We love creating the Backyard Ecology blog, podcast, and videos, and plan to continue creating them. However, we also know that “more information” by itself isn’t always helpful. Additional help in determining how to apply all that information, or even just support and encouragement throughout the process, can also be extremely beneficial.

In fact, that additional help, support, and encouragement are often more valuable and helpful than the straight up information, because those are the pieces that are harder to find. Which is why Anthony and I are adding a membership community and group coaching opportunities to Backyard Ecology this fall.

The membership community will provide an ongoing support and a community of likeminded individuals to share this journey with. The group coaching opportunities will dive deep into helping you implement your goals and dreams for attracting pollinators and wildlife. If either of these opportunities sound interesting to you, please join the community and/or coaching wait list to be among the first to learn more when the opportunities open up.

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Prescribed Fire Workshop

In last month’s newsletter, I mentioned a prescribed fire workshop that Anthony and I were trying to organize through the appropriate state agencies in Kentucky. We just got confirmation that it is scheduled for September 9 at the Barren County Extension Service! The flyer is below and the link to sign up is If you have questions about it, Cody is the one to contact because he’ll be leading the program.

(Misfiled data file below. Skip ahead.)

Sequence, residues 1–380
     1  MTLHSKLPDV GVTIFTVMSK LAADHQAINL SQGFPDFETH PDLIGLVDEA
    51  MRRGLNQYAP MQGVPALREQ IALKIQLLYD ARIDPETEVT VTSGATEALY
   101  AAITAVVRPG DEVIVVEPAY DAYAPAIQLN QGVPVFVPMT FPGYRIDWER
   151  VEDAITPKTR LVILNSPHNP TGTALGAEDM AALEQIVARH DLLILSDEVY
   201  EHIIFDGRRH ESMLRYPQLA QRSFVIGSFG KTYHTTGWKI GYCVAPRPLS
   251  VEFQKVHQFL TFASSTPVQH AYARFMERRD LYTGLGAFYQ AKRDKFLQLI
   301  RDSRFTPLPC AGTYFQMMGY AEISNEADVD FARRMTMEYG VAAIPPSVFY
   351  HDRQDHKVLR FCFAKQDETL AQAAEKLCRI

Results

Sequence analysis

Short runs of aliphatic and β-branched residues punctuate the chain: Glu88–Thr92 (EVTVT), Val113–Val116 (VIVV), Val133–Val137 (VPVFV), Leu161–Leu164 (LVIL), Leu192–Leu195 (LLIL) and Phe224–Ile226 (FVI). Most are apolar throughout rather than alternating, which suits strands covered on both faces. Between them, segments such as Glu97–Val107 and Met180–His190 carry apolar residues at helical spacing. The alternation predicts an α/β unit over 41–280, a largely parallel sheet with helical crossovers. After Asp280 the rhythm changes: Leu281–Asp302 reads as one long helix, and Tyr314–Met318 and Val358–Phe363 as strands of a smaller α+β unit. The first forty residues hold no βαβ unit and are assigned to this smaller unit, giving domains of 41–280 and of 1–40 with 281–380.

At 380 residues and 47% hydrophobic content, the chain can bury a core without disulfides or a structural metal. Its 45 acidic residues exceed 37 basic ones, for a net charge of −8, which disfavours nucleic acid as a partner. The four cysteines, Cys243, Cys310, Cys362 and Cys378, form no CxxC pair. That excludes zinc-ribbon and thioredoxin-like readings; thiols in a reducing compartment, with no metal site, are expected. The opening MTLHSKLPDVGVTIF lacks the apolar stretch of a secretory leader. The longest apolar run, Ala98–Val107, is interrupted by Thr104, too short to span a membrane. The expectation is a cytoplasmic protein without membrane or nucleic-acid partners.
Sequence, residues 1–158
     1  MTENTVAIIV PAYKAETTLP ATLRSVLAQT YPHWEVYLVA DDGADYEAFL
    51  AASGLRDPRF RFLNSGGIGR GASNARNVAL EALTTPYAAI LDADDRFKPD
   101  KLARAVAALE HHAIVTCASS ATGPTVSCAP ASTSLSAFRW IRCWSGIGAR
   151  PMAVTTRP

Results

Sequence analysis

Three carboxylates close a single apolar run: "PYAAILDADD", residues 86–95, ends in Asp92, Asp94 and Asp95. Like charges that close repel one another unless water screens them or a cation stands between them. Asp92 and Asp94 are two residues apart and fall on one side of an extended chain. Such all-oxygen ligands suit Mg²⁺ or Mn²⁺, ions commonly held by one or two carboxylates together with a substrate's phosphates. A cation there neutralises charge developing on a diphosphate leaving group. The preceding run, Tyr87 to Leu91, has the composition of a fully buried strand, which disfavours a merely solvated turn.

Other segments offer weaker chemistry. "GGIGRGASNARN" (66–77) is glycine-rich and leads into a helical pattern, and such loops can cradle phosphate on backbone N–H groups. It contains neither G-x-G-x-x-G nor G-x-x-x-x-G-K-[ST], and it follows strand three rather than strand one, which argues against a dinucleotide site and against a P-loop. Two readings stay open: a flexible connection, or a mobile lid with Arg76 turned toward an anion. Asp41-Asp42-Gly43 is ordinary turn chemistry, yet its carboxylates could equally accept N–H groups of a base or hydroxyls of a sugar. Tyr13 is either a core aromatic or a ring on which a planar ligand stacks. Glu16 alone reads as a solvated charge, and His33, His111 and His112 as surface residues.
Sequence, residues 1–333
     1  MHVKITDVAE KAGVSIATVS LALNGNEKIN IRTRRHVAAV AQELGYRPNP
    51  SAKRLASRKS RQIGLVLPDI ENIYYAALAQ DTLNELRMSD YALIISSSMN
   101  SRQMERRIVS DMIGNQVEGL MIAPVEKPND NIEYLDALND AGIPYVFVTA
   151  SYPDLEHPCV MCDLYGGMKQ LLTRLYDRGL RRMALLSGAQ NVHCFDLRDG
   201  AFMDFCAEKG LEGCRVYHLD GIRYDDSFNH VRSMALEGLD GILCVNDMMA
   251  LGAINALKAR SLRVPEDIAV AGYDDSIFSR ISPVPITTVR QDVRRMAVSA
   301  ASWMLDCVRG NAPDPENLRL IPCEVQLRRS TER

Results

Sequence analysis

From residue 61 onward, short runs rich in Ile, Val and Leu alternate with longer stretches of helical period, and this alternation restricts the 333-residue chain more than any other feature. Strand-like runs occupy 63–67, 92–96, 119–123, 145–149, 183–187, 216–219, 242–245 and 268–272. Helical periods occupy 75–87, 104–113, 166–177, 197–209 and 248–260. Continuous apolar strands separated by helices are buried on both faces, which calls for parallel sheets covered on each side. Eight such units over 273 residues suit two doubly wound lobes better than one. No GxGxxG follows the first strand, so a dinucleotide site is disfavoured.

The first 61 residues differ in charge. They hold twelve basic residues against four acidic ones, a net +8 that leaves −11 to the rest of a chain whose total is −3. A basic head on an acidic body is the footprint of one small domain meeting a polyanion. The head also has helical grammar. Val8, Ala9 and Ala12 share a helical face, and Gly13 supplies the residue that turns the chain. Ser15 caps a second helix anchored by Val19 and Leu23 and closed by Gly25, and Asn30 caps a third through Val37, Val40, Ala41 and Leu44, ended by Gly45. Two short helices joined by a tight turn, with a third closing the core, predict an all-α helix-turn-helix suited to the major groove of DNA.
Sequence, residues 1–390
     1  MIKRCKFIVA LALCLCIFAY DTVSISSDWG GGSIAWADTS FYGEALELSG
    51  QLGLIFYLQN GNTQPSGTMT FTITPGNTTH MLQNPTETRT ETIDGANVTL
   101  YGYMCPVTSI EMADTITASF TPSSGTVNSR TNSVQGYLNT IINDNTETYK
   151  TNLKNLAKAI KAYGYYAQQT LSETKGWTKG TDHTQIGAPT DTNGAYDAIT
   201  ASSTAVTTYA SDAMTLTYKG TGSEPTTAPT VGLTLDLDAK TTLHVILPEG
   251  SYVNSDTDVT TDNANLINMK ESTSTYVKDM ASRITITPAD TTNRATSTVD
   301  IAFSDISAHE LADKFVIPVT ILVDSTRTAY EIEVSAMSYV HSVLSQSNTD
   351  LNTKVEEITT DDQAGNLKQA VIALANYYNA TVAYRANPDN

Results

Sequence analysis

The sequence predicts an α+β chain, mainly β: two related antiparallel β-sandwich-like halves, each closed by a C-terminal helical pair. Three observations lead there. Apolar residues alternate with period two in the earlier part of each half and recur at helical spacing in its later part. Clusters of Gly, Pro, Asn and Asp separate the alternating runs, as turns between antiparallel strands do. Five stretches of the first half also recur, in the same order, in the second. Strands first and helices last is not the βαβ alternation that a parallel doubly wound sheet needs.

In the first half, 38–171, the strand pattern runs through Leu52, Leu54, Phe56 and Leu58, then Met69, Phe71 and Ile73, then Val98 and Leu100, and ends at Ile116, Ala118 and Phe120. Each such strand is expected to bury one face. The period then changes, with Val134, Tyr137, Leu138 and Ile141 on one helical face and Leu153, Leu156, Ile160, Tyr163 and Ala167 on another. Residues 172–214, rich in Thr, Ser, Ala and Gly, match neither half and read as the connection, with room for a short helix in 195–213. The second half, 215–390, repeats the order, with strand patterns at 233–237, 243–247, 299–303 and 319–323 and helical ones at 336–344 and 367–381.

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Upcoming Sales and Events

We’ve decided to cancel our August plant sale because September is a much better month for planting. The September newsletter will have details about our September sale.

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August Tasks When Gardening for Pollinators and Wildlife

  • Give any new plants plenty of water to help them get established.
    • Even native plants need a little help their first year.
  • Give extra water to any plants in pots.
    • Plants in pots dry out much faster than plants in the ground.
    • Placing the potted plant in semi-shade can also be beneficial, especially if the weather turns super hot and dry.
  • We’re not quite out of the heat and humidity of summer, so you still need to be careful if you are trying to plant.